تجزیه و تحلیل حساسیت از یک کاوشگر لمسی جدید برای اندازه گیری نرمی بافت با برنامه های کاربردی در رباتیک پزشکی
|کد مقاله||سال انتشار||مقاله انگلیسی||ترجمه فارسی||تعداد کلمات|
|25915||2007||6 صفحه PDF||سفارش دهید||4537 کلمه|
Publisher : Elsevier - Science Direct (الزویر - ساینس دایرکت)
Journal : Journal of Materials Processing Technology, Volume 183, Issues 2–3, 23 March 2007, Pages 176–182
In this research paper, the sensitivity of a novel tactile probe is investigated both experimentally and theoretically which has applications in robotic surgery. Using this probe, it is possible to determine the softness of objects that come into contact with it. As the sensing elements, two piezoelectric films of PVDF are incorporated into the probe and the combination of the resulting output voltages is related to the object softness. The probe consists of three distinct parts. The base of the probe, which serves as the rigid support for the whole sensor, is made of a rigid Plexiglas. The remaining parts are constructed from two different compressible materials with a wide range of compressibility. Our experiments show that, depending on the softness of the sensed objects, there is a distinct difference between the output voltages. Harder objects tend to manifest waveforms with higher peaks and with steeper rises at the start of the tests. These important features were used and a number of tests were conducted in order to analyze the sensitivity of the designed probe. A mathematical model based on the properties of various elements in the tactile probe is developed, which could reasonably predict the general performance of the system. The effects of different parameters such as, softness of the two compressible sections of the probe, their thickness, and their corresponding area ratios are tested experimentally. Using the developed model, the experimental results are predicted with good accuracy and the discrepancy is found to be within the accepted range. This prototype has applications in determining the softness of biological tissues/objects both in routine clinical examinations and during surgeries.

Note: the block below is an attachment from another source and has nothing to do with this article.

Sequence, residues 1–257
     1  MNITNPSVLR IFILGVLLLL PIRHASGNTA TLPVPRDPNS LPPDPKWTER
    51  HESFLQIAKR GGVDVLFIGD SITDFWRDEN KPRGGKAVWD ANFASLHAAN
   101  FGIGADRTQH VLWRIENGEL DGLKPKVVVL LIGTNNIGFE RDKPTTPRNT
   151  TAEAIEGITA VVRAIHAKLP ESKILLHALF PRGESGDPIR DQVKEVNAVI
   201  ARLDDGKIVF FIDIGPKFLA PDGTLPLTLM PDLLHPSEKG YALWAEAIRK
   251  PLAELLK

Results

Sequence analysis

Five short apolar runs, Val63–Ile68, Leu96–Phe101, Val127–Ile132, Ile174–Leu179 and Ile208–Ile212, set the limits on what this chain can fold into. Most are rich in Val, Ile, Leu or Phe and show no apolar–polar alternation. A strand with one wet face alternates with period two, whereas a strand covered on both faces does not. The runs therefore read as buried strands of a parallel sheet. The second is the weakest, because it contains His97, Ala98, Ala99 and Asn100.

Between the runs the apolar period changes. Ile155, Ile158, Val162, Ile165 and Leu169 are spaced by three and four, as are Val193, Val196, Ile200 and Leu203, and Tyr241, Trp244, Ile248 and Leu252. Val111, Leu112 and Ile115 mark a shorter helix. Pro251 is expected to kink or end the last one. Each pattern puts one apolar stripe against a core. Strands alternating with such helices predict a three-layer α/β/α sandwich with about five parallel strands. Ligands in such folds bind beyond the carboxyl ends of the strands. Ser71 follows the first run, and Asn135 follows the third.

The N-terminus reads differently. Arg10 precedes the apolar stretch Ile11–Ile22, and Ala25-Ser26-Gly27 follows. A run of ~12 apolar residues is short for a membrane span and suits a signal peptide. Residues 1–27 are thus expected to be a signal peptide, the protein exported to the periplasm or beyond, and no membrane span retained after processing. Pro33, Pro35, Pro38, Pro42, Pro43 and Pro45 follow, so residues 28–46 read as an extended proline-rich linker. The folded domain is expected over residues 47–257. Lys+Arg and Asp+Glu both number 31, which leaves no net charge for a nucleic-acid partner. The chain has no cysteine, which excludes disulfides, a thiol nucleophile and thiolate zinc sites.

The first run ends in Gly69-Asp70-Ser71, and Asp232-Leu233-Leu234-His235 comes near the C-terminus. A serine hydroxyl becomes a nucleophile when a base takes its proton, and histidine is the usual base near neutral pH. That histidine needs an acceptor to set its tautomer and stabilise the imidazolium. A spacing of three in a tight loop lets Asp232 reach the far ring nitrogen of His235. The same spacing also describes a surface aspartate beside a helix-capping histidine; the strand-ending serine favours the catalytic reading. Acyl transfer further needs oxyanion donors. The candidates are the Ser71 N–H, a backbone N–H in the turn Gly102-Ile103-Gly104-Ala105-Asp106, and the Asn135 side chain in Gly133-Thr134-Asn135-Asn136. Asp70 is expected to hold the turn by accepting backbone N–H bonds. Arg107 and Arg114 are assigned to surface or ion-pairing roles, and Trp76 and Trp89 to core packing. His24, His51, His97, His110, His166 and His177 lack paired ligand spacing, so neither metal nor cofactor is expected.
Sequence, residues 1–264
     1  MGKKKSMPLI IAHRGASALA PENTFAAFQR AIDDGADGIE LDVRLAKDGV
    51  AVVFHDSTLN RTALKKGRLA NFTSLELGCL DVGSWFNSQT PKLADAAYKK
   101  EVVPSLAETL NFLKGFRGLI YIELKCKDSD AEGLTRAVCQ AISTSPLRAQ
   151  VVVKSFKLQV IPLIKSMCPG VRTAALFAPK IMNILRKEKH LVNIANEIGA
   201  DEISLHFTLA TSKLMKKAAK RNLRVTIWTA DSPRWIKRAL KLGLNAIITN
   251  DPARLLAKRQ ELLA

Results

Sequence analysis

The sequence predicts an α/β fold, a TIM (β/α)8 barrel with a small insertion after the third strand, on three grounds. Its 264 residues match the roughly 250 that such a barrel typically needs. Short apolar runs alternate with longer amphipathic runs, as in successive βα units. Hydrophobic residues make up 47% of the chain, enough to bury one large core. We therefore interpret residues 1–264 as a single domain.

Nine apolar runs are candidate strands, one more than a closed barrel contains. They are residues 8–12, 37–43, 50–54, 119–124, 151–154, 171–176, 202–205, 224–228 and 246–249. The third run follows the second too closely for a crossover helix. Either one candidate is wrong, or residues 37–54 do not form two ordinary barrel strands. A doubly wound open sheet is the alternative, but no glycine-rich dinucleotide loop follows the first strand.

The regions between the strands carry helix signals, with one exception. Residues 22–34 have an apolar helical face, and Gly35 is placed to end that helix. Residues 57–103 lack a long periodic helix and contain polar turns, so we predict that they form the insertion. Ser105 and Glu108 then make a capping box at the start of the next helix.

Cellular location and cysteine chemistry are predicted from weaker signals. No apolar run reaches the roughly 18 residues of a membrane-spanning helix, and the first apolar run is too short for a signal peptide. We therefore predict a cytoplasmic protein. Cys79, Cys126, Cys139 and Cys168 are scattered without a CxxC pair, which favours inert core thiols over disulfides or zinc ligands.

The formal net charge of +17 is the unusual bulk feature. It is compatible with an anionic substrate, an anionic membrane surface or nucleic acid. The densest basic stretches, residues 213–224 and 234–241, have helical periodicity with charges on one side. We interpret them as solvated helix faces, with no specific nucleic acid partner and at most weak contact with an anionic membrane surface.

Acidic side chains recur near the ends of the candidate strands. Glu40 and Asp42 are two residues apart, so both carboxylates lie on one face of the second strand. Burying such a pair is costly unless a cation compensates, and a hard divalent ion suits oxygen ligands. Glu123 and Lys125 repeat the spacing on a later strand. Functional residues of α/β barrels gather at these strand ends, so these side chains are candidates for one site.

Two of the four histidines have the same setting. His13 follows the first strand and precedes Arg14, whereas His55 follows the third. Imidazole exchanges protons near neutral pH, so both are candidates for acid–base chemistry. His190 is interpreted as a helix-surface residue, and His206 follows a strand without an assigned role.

Tactile sensing is of great importance in different types of surgeries . This includes detecting the presence or absence of a grasped tissue/object or even mapping a complete tactile image , ,  and . Force signature can give us a great deal of information about the state of gripping or manipulation of an object or biological tissue . In medical applications, a force sensitivity within the range of 0.1–11 N is generally considered satisfactory . In different biomedical engineering and medical robotics applications, tactile sensors can be used to sense a wide range of stimuli. Normally, in order to improve the efficiency of these types of sensors, an array of sensors is utilized  and . Increasing the number of sensors may even provide the operators with the capability of measuring a number of tactile properties. In , a tactile sensor with standing piezoresistive cantilevers embedded in an elastic material is proposed. The sensor detects the shear stress applied on its surface. Each standing piezoresistive cantilever in the elastic material detects a certain axial component of applied shear stress. By arranging this standing piezoresistive cantilever in orthogonal directions, the directions and the magnitudes of applied shear stress is detected. In , the concept of an inexpensive PVDF pyroelectric radiation sensor of large aperture is described and the design details of the pyroelectric sensor based on the PVDF polymer are given. A micro-mechanical sensing platform is described in  with which the various elastic properties of the ovum can be characterized using uniaxial measurements. In , novel textiles are developed using conducting polymer coatings which are deposited on a foam substrate. The foam they used is a soft, porous conductive solid made by chemically oxidizing pyrrole in the presence of a polyurethane foam. The resulting structure is sensitive to pressure exerted from all three dimensions making it attractive for use as wearable sensors for medical applications. An important application of tactile sensing is in surgeries including minimally invasive surgery (MIS). During MIS procedures, any inhibitions on the surgeon's sensory abilities might lead to undesirable results . This type of surgery has many advantages including reducing trauma, alleviating pain, requiring smaller incisions, faster recovery time, and reducing post-operation complications . However, it suffers from a decrease in the tactile sensory perception of the surgeon. To improve the results of these surgeries, it would be advantageous for the surgeon to have an idea about the softness of the tissue in contact with the tools. This would lead to much safer handling of the tissues, while performing different maneuvers on the organs. For instance, in order to improve the manipulation ability of endoscope, a new tactile sensor system using image processing has been developed . As this system uses an infrared (IR) cut pattern, it is possible to install the sensor in the tip of an existing endoscope easily. In a research work, using a modified commercial endoscopic tool, the magnitude of the applied force was measured by strain gauges, and then the position of the grasper was determined with an optical detector . They obtained force–displacement data and identified objects with five different elastic properties. A report has been published on compliance of a hard rubber embedded in a block of foam using remote palpation . Additionally, an endoscopic and robotic micro-machined sensor has been designed and fabricated using PVDF film . Design, fabrication, and theoretical studies of a micro-machined piezoelectric tactile sensor for an endoscopic grasper have been discussed . The sensor exhibited high force sensitivity, high dynamic range, good linearity, and high signal to noise ratio. In another work, a force–moment sensor has been placed into the distal shaft of a laparoscopic forceps as well as a tactile sensor array between the jaws of the forceps . The piezoresistive sensor array used was a foil sensor with 64 measuring points. Various attempts have been made to tackle the problem of reducing the number of sensors using PVDF films ,  and . Another application of a probe, which is capable of measuring the softness of tissues based on its tactile features, is in detecting various tumors in human body . There are different ways for detecting breast cancer which is one of the most common forms of cancers in women. This disease can be detected either manually, e.g., by clinical breast examination (CBE) or by using medical imaging methods such as mammography or sonography . By increasing its size, a cancerous tumor can exhibit various symptoms such as change in size or shape of the breast (i.e., a change in its tactile properties). The development of an active haptic sensor for monitoring skin conditions has been discussed . The base of the tactile sensor is an aluminum cylinder, around which a polyurethane rubber, a PVDF film, a protective surface layer of an acetate film and lace are stacked in sequence. Their experimental results show that the sensor system works well as a haptic sensor for monitoring skin conditions. A research has been published that discusses the preliminary tests and basic design parameters for single tactels using electrorheological fluids . The final aim was to produce a prototype three-dimensional tactile display comprising electrically switchable micro-machined cells whose mechanical moduli are governed by phase changes experienced by electrorheological fluids. A micro-tactile sensor has been developed to measure elasticity together with the instant of contact . Using finite element modeling, they found a frequency where longitudinal and rotational vibration modes exist and used these results to signal touch detection. Following the above-mentioned progress, the sensitivity analysis of a novel softness measurement probe is presented in this research work. The designed probe can be safely employed in determining the softness of various objects or biological tissues. This prototype has the potential of being miniaturized and be used in artificial palpation procedures.